Antonie van Leeuwenhoek came up with “animalcules”. As you may have guessed, it refers to tiny animals. Which tiny animals exactly?
Before I can answer that question, I must tell you about Antonie. He must be someone special, because he has a Google Doodle. He was a draper from the Dutch city of Delft. Drapers frequently used magnifying glasses to examine the quality of their fabric. Dear Antonie was not satisfied with the quality of his lens, so he taught himself lens making.
How many of us could do that? And he did it in 1671! He had no modern tools to fashion his lens or make the apparatus to hold it (see the image), AND he made all of it the size of a flash drive! On top of that, he managed to keep his lens production method a secret. We still don’t know exactly how he polished his lenses.
van Leeuwenhoek’s Microscope
1 – sample holder
2 – tilt
3 – lens
4 – depth (closeness to lens)
Antonie was a merchant without much funds for this project and was not schooled in the sciences, yet he made a lens that was so good he saw things that no one else could see. A truly talented man!
He looked at red blood cells, rotifers, sperm, daphnia–and you say wait, did you say sperm? Animal sperm folks, animal. And now you’re thinking, “How the heck did he–” Nope, not going there.
Antonie’s animalcules are now known as microbes. Personally, I think we should have kept “animalcules”. He drew everything he saw. He drew a lot because he looked at everything in his world.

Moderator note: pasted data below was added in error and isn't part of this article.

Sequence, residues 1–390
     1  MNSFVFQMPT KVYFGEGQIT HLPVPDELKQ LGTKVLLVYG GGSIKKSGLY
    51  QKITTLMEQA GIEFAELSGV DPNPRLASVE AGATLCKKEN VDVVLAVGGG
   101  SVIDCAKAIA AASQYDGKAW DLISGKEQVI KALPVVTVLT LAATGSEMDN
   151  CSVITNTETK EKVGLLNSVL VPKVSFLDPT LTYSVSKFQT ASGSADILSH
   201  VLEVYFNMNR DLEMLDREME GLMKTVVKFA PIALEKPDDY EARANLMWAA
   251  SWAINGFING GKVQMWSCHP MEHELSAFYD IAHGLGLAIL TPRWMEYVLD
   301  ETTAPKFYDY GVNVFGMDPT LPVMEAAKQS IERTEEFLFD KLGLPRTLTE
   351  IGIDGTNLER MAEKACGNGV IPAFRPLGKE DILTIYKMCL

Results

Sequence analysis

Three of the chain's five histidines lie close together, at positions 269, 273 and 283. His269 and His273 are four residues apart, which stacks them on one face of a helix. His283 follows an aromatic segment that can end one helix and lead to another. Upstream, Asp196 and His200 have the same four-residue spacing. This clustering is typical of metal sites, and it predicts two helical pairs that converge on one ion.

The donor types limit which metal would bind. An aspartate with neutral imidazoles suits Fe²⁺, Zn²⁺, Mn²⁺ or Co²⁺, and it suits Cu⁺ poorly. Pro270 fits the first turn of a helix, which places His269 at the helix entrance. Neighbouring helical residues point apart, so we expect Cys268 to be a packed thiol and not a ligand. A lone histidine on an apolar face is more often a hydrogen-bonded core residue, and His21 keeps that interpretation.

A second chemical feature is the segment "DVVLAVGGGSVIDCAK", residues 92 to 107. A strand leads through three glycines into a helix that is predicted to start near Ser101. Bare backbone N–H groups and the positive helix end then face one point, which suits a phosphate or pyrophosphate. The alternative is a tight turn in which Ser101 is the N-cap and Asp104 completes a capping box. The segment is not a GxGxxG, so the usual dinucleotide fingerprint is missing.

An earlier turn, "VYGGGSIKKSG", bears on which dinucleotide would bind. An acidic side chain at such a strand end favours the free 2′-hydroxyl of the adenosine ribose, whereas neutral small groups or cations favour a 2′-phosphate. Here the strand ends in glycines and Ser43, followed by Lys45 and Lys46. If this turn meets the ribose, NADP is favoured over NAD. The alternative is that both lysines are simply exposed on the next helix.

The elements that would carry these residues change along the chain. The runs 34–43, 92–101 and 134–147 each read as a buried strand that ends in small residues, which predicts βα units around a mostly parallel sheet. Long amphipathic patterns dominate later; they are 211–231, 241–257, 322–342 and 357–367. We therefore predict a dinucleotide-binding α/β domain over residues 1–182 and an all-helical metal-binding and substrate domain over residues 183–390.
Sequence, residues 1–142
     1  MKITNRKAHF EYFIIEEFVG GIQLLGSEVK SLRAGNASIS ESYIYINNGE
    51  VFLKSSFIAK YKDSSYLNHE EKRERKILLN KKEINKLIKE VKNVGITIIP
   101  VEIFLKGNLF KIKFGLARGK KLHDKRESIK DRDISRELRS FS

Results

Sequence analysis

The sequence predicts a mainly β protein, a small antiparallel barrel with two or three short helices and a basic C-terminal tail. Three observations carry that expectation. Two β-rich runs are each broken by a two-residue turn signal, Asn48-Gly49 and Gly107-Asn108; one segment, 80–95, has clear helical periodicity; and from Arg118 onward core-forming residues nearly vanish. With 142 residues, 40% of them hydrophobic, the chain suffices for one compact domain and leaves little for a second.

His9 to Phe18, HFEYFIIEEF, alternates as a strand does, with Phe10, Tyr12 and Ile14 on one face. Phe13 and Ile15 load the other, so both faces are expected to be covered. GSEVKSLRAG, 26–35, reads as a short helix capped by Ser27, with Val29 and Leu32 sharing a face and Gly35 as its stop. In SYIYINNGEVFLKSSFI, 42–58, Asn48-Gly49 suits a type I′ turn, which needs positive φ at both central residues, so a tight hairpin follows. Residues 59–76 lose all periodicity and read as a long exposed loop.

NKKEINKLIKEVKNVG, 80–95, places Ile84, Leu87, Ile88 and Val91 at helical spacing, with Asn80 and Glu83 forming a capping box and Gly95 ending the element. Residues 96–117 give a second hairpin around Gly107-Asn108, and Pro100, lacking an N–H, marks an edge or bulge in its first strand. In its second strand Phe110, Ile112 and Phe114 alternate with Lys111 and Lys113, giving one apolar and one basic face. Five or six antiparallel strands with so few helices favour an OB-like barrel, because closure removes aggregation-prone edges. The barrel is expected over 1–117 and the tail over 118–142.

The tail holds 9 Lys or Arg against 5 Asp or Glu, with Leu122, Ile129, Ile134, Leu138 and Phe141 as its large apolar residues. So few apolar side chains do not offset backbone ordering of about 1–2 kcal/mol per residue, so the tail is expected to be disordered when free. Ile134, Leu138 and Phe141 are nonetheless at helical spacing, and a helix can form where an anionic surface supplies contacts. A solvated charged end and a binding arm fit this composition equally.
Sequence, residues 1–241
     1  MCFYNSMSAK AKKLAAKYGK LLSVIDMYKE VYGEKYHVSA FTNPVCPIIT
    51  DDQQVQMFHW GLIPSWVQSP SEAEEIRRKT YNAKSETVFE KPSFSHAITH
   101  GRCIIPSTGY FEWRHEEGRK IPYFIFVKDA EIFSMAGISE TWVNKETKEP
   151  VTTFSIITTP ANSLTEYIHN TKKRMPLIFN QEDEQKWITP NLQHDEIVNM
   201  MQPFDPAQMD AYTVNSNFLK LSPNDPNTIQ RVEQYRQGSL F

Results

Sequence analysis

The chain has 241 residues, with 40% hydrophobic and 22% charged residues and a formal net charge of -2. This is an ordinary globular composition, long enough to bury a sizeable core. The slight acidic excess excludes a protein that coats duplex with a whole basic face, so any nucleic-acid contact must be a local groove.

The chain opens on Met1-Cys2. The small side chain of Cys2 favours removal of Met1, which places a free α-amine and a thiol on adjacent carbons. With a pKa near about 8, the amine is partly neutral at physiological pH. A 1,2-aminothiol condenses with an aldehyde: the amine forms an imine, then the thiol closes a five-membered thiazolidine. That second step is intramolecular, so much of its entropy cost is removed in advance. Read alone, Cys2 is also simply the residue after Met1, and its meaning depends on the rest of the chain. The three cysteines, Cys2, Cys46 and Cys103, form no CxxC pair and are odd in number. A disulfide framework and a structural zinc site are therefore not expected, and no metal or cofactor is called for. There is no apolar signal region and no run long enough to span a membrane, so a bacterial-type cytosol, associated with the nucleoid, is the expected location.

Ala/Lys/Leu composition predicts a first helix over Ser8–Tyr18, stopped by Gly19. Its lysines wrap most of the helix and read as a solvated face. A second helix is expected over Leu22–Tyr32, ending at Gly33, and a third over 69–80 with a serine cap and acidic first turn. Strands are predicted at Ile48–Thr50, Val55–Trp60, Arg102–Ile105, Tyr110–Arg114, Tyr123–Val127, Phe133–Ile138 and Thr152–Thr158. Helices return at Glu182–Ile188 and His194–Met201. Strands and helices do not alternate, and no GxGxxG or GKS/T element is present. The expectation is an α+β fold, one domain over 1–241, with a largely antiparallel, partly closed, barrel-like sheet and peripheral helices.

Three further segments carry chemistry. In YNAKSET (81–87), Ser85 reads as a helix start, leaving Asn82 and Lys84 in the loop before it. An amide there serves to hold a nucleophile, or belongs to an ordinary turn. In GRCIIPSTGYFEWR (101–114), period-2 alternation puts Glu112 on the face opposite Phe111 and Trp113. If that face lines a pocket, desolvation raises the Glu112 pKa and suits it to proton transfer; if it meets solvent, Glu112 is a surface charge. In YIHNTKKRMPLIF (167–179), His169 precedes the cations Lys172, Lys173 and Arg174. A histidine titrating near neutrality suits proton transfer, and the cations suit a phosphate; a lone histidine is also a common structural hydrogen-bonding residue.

The blood cells could have been his own. When I had my first ‘scope, I looked at my blood and my dog’s (I’ll share that story another time).
He was not a member, or fellow, of the Royal Society. That didn’t stop him. He sent letters and sought publication with them. At first he wasn’t believed, and he was required to undergo interviews with a vicar and others chosen by the Royal Society to prove he was of sound mind. Then he had to demonstrate the workings of his microscope. Once he was finally believed, scientists had a window into a new world. He became a Foreign Fellow of the Society in 1680.
He has been dubbed the Father of Microbiology.
Watch a fabulous 6 min. video produced by the Howard Hughes Medical Institute